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Old 12-27-2012, 03:50 AM   #1
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Hydronic Heat

I am doing some research on installing a hydronic heating system in our trailer. I was wondering if anyone here has ever had one or know if it warrants the time and money spent installing one. I know they are very expensive to buy and are usually used on class A's with diesel motors. I read on the Internet about a guy who reversed his water flow on his hwt to stop cavitation and installed a heater core from an auto parts store to heat his trailer.

The floor gets very cold in the spring. I thought if I could run a line under the floor to warm it up in the area we walk it would help. I could send cold water thru in the summer to help keep it cool. If needed the holding tanks would be kept from freezing if a thermostat was used to control its use. I would still use the Atwood heater but possibly not as much. Anyone here looked into this before?
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Old 12-27-2012, 08:26 AM   #2
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I don't know if that was my article you was reading or not... every post that is submitted on these forums end up on the internet. Just search google for your forum name and some unique key word and there they all will be... This is my plan for coming up with a hydronic heater system using the OEM water heater as source for hot water. This is for taking out the furnace and replace that opened up area with a AQUA-HOT heat register. This is for use in my OFF-ROAD POPUP where the oem furnace is just way too much heat, very loud blower fan, and consume 12VDC like crazy as well as propane. One of the guys on the RV has done something like this and made his trip up in the Alaska area and it worked just fine for him is his POPUP setup.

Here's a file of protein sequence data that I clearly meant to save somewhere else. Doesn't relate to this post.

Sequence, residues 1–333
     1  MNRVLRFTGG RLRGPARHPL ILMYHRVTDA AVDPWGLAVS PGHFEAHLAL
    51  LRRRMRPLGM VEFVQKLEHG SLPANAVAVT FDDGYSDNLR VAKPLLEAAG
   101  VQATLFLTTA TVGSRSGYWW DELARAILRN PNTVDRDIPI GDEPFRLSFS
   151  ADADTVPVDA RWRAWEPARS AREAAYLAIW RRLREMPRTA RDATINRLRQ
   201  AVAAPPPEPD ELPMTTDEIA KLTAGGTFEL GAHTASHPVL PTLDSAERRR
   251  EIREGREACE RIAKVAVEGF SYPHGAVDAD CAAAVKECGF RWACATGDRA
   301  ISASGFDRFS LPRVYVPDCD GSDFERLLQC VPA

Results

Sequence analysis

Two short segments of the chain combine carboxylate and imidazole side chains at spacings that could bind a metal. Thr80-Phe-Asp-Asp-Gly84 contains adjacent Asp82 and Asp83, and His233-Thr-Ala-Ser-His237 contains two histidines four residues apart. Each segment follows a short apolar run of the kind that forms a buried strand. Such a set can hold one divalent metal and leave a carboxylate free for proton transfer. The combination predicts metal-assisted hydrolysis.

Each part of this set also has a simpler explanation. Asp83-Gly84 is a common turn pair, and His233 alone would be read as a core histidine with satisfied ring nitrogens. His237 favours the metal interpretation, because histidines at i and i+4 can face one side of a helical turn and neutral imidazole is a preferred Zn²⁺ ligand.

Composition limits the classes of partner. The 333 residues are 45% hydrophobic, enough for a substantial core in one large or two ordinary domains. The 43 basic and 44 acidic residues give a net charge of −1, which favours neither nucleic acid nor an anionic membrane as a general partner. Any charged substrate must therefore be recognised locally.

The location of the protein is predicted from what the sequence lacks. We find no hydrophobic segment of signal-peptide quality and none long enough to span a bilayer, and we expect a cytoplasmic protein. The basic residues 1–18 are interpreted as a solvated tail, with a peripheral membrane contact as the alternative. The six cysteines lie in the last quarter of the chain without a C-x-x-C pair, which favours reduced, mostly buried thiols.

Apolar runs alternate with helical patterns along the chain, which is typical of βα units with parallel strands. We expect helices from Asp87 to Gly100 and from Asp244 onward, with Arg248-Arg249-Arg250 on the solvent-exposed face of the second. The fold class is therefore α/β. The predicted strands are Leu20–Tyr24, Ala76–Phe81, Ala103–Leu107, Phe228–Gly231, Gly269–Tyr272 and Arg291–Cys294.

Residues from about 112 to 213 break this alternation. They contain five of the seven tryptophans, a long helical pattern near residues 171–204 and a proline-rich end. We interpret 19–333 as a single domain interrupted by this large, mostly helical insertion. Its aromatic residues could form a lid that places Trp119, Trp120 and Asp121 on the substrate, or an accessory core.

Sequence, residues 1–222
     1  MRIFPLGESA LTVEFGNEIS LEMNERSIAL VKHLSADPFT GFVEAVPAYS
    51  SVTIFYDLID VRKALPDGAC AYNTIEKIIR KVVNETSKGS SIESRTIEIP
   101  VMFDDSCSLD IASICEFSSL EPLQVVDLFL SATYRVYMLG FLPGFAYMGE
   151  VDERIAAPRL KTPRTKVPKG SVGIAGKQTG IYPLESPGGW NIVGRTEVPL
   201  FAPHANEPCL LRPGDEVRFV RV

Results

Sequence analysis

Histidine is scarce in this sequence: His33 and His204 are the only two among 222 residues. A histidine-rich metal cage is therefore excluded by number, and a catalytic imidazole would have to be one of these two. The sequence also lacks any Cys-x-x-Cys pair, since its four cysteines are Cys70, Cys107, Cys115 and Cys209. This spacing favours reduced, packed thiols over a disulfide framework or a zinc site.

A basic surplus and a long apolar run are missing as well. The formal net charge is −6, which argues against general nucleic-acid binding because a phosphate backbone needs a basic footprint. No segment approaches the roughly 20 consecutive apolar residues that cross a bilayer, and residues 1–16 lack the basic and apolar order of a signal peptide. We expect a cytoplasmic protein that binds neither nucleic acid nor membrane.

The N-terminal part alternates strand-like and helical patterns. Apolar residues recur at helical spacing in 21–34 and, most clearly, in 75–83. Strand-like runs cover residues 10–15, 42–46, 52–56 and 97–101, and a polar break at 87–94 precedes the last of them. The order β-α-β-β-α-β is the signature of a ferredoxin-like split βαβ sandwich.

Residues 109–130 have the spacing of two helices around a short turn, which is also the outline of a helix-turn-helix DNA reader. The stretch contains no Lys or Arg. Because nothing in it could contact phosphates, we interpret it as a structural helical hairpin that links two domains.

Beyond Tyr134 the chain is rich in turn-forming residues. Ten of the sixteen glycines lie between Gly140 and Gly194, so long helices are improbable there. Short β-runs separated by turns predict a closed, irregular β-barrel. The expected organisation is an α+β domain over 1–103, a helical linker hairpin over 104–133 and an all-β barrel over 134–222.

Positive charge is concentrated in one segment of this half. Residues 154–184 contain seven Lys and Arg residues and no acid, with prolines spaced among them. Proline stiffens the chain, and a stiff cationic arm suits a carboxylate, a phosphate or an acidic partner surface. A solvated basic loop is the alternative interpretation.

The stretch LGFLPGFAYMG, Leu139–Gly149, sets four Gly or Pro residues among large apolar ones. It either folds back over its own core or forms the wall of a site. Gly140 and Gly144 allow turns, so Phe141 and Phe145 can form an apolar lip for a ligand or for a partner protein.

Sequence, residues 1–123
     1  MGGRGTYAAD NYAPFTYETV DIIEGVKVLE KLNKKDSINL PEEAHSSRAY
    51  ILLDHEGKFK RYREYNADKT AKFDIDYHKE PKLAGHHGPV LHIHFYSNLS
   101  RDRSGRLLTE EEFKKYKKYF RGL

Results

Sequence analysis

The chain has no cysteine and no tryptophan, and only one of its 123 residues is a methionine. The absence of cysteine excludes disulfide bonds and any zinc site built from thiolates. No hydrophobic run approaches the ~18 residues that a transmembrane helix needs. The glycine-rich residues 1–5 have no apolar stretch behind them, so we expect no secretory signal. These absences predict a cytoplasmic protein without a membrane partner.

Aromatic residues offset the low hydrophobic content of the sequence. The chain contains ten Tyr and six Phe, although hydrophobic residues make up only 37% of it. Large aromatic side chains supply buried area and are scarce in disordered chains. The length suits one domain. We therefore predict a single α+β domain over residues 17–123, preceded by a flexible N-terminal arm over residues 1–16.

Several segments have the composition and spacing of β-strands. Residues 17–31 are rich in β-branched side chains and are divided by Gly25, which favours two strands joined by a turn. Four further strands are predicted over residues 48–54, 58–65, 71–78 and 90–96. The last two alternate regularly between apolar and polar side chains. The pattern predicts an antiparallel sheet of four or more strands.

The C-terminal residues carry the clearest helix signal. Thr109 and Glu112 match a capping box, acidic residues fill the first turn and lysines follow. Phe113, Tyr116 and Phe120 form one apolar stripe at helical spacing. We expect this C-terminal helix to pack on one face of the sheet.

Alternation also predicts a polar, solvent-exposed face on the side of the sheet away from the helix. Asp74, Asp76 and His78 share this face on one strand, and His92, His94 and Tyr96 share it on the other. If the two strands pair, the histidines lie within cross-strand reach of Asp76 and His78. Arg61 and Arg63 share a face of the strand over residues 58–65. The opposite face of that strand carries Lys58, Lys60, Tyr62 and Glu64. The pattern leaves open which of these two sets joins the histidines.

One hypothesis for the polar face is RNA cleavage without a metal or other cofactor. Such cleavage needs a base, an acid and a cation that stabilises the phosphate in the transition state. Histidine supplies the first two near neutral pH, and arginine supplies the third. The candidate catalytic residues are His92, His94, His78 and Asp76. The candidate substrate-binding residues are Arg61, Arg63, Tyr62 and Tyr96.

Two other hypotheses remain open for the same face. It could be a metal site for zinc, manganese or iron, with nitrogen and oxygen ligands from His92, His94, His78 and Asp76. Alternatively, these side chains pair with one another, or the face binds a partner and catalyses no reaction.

This is the basic concept



I will do up a proto-type this spring when i can lay under my POPUP and see what all I need to retrofit everything working with my OEM water heater... Using the one-way valve and hot water pump as shown here will not interfere with normal hot water use.


I am planning to use this AQUA-HOT 100 heat exchanger and this will be eventually installed in the spot where the OEM furnace was installed. Size wise this fit the hole perfect. I should also be able to re-use my furnace wall mounted thermostat as well. The thermostat will control both the fans in the heat exchanger and the hot water pump to control the heat level. The AQUA-HOT 100 will produce 4000BTUs of heat. If more BTUs is needed you can go with the AQUA-HOT 200 model which will produce 6000BTUs of heat.